it’s coming to nearly ten months now that I’ve left london – and I try very hard not to think about it: there were fantastic memories during fantastic years, with people who’ve made a big difference in my life. I came across this photo – below – in my archives, taken during one of my visits to le pain quotidien (my absolute favourite breakfast hangout in london) and it made me think very hard.
breakfast is my favourite meal – it dictates how the rest of the day is going to go – and though I head out to brunch regularly with friends, it’s my day-to-day breakfast of hot grain that helps remind me of the times in that glorious city. I’ve had this same breakfast every day since coming back, with variations in grain and stir-ins, but the recipe, and the idea is built upon mornings – and anytime, really – of hot oatmeal in gloomy (but so lovely) london.
I feel like I should apologise for not sharing this earlier – it’s so easy, so forgiving, and really good for you. and I have been making this for ever-so-long; it’s incredibly simple to make a large batch at night (even on weekdays), and then bring it into the office to reheat in the morning. the photos are of a variation with wheat berries, also known as winter wheat, and it’s one of my new favourite grains.
the idea is simple: simmer grains and dried fruit in water until they are tender and plump, stir in a bit of milk and some spread – usually a nutbutter, and top with seeds or more nuts. this makes a creamy-chunky porridge that’s filling enough to last me till lunch – not an easy feat – and high in protein and nutrients, which keeps the runner in me happy.
I like my porridge to be both chunky and creamy, and I have an obsession with buying grains while grocery-shopping. this translates to grab (whatever grain I see) first, and think (about cooking) later. I categorise grains into either creamy or chunky:
- creamy grains cook down to be creamy – duh, viscous and starchy: these include millet, finely ground cornmeal, rolled oats (and steel cut ones, if you cook them long enough)
- chunky ones cook up as discernibly whole grains in a slightly starchy – but still considerably thin – liquid: these include barley, winter wheat/wheatberries, buckwheat (I use raw, but I think kasha will have the same consistency), and bulgur wheat.
mix them up as you like – use whatever you have on hand, really – I like a mix between creamy and chunky in a 40-60 ratio. most days I choose a mix, but pure porridge of just a grain or two lets you taste them better. the following recipe is more in line of a guide to cooking – you’ll find your preferred method soon enough.
hot whole grain porridge
5 heaped tablespoons grain (I use a typical eating tablespoon as measure – let’s keep things easy)
2 tablespoons dried fruit
1 tablespoon nut butter
1-1.5 tablespoon nuts/seeds
maple syrup/honey, to taste
milk, for serving
- start by measuring your grains directly into the pan – make sure to rinse those that need it – and then top with water until about 2cm above the level of the grains.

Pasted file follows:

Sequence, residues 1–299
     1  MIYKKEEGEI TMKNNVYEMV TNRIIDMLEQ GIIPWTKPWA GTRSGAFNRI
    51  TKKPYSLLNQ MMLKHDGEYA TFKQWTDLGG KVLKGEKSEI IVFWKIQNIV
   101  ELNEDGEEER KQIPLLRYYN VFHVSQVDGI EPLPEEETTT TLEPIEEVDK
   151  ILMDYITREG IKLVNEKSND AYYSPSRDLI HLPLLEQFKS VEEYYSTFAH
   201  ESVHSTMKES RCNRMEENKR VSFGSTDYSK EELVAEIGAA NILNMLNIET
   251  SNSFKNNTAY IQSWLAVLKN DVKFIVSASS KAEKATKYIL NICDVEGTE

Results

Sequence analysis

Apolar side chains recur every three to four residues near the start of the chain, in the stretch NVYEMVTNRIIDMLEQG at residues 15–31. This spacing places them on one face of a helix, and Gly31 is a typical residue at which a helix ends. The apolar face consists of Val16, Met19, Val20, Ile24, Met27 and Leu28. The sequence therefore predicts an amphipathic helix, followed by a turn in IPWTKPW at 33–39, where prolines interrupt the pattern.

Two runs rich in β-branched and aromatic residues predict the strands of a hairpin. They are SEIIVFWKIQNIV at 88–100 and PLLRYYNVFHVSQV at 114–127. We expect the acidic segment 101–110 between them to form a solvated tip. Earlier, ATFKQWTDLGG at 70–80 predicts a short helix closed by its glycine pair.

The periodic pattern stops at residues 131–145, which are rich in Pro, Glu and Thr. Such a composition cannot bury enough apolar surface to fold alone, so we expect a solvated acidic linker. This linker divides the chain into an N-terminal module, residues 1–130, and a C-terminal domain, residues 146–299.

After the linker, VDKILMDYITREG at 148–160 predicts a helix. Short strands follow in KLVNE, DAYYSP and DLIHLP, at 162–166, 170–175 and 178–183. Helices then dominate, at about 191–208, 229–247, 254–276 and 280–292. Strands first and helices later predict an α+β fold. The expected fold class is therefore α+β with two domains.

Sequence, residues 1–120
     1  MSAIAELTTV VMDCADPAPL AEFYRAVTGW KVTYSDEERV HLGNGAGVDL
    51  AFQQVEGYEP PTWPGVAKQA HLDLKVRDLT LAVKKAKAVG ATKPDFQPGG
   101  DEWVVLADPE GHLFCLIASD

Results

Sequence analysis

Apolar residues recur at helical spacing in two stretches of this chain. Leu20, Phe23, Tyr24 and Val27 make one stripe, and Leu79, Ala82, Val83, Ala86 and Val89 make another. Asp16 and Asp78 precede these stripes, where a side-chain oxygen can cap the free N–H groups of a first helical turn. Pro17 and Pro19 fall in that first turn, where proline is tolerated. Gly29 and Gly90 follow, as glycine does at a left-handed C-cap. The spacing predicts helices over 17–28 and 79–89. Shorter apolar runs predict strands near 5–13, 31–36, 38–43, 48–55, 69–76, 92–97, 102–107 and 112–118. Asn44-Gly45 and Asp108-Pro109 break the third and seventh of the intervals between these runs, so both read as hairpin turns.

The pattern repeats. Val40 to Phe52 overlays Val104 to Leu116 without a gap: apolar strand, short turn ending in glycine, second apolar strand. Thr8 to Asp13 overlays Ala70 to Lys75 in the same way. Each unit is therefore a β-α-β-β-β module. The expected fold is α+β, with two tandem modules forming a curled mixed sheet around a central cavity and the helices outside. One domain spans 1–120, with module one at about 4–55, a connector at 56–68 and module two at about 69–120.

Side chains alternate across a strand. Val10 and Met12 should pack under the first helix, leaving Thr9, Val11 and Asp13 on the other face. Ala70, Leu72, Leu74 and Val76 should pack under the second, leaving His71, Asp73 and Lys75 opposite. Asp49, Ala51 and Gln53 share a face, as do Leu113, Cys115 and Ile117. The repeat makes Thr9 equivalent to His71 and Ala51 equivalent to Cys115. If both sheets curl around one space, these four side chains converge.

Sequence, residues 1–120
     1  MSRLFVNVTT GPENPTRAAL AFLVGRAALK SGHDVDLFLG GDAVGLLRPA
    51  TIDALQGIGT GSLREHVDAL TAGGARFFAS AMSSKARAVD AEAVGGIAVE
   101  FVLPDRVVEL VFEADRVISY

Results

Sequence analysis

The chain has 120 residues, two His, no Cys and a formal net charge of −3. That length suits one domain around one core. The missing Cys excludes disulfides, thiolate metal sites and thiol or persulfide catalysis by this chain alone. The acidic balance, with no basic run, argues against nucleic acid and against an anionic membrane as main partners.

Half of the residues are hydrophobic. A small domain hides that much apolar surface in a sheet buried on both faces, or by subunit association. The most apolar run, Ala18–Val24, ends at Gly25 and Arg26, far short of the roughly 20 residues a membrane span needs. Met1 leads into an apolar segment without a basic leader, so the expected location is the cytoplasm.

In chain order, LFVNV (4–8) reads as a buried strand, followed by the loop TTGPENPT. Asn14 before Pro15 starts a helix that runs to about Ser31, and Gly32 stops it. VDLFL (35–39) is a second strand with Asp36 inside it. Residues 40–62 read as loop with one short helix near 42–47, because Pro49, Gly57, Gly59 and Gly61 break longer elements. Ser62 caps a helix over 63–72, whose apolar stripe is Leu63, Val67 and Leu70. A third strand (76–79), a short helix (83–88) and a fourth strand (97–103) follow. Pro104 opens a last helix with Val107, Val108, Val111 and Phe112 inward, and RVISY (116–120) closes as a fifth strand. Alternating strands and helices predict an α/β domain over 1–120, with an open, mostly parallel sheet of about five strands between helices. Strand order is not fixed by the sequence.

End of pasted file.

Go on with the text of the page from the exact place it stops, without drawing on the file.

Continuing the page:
I like to use a deep pot to prevent spills from the starchy water spilling over, but with a small enough bottom that the grains form a layer on the bottom. set this on high heat until the water boils, then turn it to low to simmer. too-high heat breaks up even your chunkier grains, so keep this in mind unless you want a completely smooth porridge.
- about halfway through simmering time, drop your dried fruit into the pan and continue simmering.
I put them in later because dried fruit can disintegrate very quickly and discolour the cereal – especially when I use dried prunes that are cut up. most mornings I stick to cranberries or raisin-variants – currants give fantastic dispersion factor. check your grain cooking times on their packages – I usually cook the mix for half an hour on an induction cooker on the lowest setting, which means I throw the dried fruit in at about the 20 minute mark.
- remember to keep an eye on the pan – top up water as it needs it, and give it an occasional stir to prevent it from crusting on the bottom – especially important with sticky grains like barley and cornmeal.
- when cooked, pour in milk (I use cold from the fridge since the mix is too hot for eating anyway) until your desired consistency. stir in your nut butter+sweetener or jam, and top with your nut of choice.
I like to use natural nut butters, but I’ve had lots of luck with a japanese black sesame paste that I got recently – anything works! if you’re making this ahead, I like to top it up with a bit more liquid, and only add the nuts in the morning so they keep their crunch, before microwaving directly for 2.5 minutes on high. I’ve cooked this two days ahead without any issue.
it’s a long post – but I hope it helps you if you’re in a rut about breakfast. I love this very much, and it’s almost a sort of challenge to myself to try and convert any grain I see into a great, healthy meal. let me know if you try it!
p.s. if you’re in london, and you’d like to create breakfast memories of your own, I’ve gotten wind of a great breakfast in london at the holiday inn at kensington (so close to where I used to live!) which garnered a midas breakfast award. it has all my favourite things: pancakes and fruit-topped cereal – and even my partner could have gotten a little morning cheer with a full breakfast – if you ever try it out, let me know how it goes?